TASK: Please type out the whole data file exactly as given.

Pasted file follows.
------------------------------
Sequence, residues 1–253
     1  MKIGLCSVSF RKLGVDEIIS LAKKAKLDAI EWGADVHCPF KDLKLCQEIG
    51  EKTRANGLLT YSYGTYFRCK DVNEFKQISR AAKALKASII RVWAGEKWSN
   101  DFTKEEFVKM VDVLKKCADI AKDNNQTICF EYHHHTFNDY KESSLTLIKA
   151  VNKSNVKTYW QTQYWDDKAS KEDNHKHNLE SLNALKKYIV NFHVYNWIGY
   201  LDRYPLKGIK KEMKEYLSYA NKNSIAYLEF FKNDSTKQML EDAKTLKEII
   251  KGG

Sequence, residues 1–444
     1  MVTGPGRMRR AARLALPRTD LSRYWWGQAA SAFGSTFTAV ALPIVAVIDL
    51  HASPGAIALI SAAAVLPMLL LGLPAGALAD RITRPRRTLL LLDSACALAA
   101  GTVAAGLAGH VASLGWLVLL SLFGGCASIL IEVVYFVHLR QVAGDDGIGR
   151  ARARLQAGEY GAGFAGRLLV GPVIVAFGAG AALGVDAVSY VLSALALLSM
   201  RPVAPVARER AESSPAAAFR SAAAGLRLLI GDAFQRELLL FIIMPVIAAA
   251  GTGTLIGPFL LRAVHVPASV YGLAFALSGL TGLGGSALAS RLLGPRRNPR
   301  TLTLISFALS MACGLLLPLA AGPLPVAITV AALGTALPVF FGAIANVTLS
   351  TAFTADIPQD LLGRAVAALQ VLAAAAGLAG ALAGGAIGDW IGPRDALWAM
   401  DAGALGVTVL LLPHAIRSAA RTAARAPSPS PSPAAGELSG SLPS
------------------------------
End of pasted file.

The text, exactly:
Sequence, residues 1–253
     1  MKIGLCSVSF RKLGVDEIIS LAKKAKLDAI EWGADVHCPF KDLKLCQEIG
    51  EKTRANGLLT YSYGTYFRCK DVNEFKQISR AAKALKASII RVWAGEKWSN
   101  DFTKEEFVKM VDVLKKCADI AKDNNQTICF EYHHHTFNDY KESSLTLIKA
   151  VNKSNVKTYW QTQYWDDKAS KEDNHKHNLE SLNALKKYIV NFHVYNWIGY
   201  LDRYPLKGIK KEMKEYLSYA NKNSIAYLEF FKNDSTKQML EDAKTLKEII
   251  KGG

Sequence, residues 1–444
     1  MVTGPGRMRR AARLALPRTD LSRYWWGQAA SAFGSTFTAV ALPIVAVIDL
    51  HASPGAIALI SAAAVLPMLL LGLPAGALAD RITRPRRTLL LLDSACALAA
   101  GTVAAGLAGH VASLGWLVLL SLFGGCASIL IEVVYFVHLR QVAGDDGIGR
   151  ARARLQAGEY GAGFAGRLLV GPVIVAFGAG AALGVDAVSY VLSALALLSM
   201  RPVAPVARER AESSPAAAFR SAAAGLRLLI GDAFQRELLL FIIMPVIAAA
   251  GTGTLIGPFL LRAVHVPASV YGLAFALSGL TGLGGSALAS RLLGPRRNPR
   301  TLTLISFALS MACGLLLPLA AGPLPVAITV AALGTALPVF FGAIANVTLS
   351  TAFTADIPQD LLGRAVAALQ VLAAAAGLAG ALAGGAIGDW IGPRDALWAM
   401  DAGALGVTVL LLPHAIRSAA RTAARAPSPS PSPAAGELSG SLPS